History books traditionally depict the pre-Columbus Americas as a pristine wilderness where small native villages lived in harmony with nature. But scientific evidence tells a very different story: When Columbus stepped ashore in 1492, millions of people were already living there. America wasn’t exactly a New World…

Emilio Lussu: Eroe di un popolo – di Camillo Bellieni

A un mese dalla morte si moltiplicano le iniziative per ricordare la figura di Emilio Lussu. Cogliere l’occasione per presentare un’importante testimonianza: quella di Camillo Bellieni, che di Lussu fu fraterno amico e compagno di lotte. Bellieni, che ha 82 anni è stato l’ideologo del movimento sardista ed ha scritto la storia della Brigata Sassari.

Emilio Lussu: Fu Giacobino con civiltà – di Giorgio Bocca

Il senatore Emilio Lussu è morto ieri a Roma, all’età di 85 anni, nella sua abitazione di piazza Adriana. La salma è stata cremata oggi pomeriggio, alla presenza della moglie Joyce e del figlio Giovanni. Per desiderio dell’estinto, la notizia del decesso è stata resa nota soltanto oggi.

Eye Witness: The Iran Hostage Crisis, Tehran, 4 November 1979

At 9am on Sunday 4 November 1979, Mark Lijek and his colleagues sat in shocked horror as hundreds of Iranian protestors climbed the gate of the US Embassy in Tehran. The attack was the embodiment of months of increased tension between Iran and the US, culminating in what would be one of the modern era’s highest-profile hostage crises.


During the Iranian hostage crisis of 1979, the CIA mounted a covert plan to free six American diplomats in Tehran. The cover story was that a production company was about to shoot a massive sci-fi movie called Argo in the Iranian desert. This is the incredible story of the film that never was…

PERSECUTED ARMENIA – by Nishan Der-Hagopian [Century, 1918]

When a man has been slaugh­tering human beings for many months, and his eyes have grown accustomed to the sight of blood, his ears used to the scream of shell and shrapnel, and his soul calloused to all save his sense of duty, he moves au­tomatically, and it is only when there comes a lull, and the black-winged hor­rors lift for a little, that with clear vision and delicate ear he sees and hears the world around him.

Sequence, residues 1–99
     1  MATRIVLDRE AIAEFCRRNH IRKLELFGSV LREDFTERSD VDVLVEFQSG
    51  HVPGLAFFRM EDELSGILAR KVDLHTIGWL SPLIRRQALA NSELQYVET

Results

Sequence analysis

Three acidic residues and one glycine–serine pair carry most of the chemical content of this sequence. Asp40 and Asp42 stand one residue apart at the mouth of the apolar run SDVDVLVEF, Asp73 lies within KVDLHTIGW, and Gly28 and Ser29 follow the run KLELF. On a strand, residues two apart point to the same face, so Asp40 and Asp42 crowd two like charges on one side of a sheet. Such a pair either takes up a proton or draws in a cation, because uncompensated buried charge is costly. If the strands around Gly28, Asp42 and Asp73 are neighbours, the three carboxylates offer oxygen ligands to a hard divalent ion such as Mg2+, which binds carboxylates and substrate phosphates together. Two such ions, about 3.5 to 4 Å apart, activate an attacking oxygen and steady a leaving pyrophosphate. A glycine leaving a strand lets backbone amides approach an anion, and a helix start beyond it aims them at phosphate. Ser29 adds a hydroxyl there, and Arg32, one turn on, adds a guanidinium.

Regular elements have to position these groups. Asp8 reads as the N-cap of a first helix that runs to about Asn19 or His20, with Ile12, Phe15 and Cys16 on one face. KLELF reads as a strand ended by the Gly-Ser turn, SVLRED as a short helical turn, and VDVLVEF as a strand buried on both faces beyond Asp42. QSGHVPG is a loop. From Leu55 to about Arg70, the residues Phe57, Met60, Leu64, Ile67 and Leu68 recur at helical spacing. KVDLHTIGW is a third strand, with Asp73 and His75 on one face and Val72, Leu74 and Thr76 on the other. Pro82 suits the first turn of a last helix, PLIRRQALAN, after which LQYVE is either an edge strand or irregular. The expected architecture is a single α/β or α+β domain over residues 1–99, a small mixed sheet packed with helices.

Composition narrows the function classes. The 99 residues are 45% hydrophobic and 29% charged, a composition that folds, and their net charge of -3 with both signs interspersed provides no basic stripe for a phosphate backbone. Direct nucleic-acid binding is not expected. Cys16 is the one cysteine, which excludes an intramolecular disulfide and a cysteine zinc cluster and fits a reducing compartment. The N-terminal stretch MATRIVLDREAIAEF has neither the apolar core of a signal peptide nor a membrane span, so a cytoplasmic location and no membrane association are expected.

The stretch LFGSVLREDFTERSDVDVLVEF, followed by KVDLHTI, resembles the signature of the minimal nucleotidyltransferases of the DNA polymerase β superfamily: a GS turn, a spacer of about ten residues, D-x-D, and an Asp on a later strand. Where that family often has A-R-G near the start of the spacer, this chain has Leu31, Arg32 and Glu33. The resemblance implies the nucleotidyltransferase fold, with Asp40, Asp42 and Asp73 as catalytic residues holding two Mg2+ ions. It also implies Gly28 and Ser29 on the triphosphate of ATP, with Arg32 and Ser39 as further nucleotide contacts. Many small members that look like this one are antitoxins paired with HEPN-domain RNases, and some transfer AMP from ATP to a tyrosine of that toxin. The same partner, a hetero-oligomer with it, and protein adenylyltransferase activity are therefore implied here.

THE GREATEST HORROR IN HISTORY – by Henry Morgenthau [The Red Cross Magazine, 1918]

An Authentic Account of the Armenian Atrocities. Whatever else you may do, do not fail to read this account of the extermination of a Christian race by the Turks. Coming as it does from an authoritative source, we consider it one of the most striking and authentic documents of the war as well as a clear exposition of Germany’s guilt in the bloody affair.

ARMENIA AND THE ARMENIANS – by Hester Donaldson Jenkins [National Geographic Magazine, 1915]

Armenia is a word that has widely different connotation for different peoples. To us Americans it means a vague territory somewhere in Asia Minor; to the makers of modern maps it means nothing—there is no such place; to the Turks of a few years ago it was a forbidden name, smacking of treason and likely to bring up that bugaboo “nationalism,” than which Abdul Hamid II feared nothing more, unless it were “liberty”; but to nearly two millions of Russian, Persian, and Turkish subjects it is a word filled with emotion, one that sends the hand to the heart and calls up both pride and sorrow.


The evacuation of the BEF from northeastern France by civilian and military vessels during the fall of France in 1940 ensured that the British army would survive to fight another day.


One in three people in the Roman Republic were slaves. Denied freedom and rights, subject to mistreatment and abuse, they were suppressed by fear and force. But when united, armed, and inspired by a courageous leader, they proved as deadly a threat to Rome as any foreign foe.

THE TRAIL OF TEARS – Essay by Dee Brown

The forced removal of thousands of proud and prosperous Cherokees from their 35,000 square miles in the Southern uplands to less desirable land beyond the Mississippi stands as one of the blackest episodes in American history.

The Falling Man – by Tom Junod

Do you remember this photograph? In the United States, people have taken pains to banish it from the record of September 11, 2001. The story behind it, though, and the search for the man pictured in it, are our most intimate connection to the horror of that day.


Reinhard Heydrich’s international ‘fame’ rose considerably as a result of his 1942 assassination which quickly became the subject of countless movies and books


11 luglio 1995: i soldati serbobosniaci uccidono settemila uomini e ragazzi musulmani. La storia di Fatima e Damir. E di una fotografia che sconvolse il mondo

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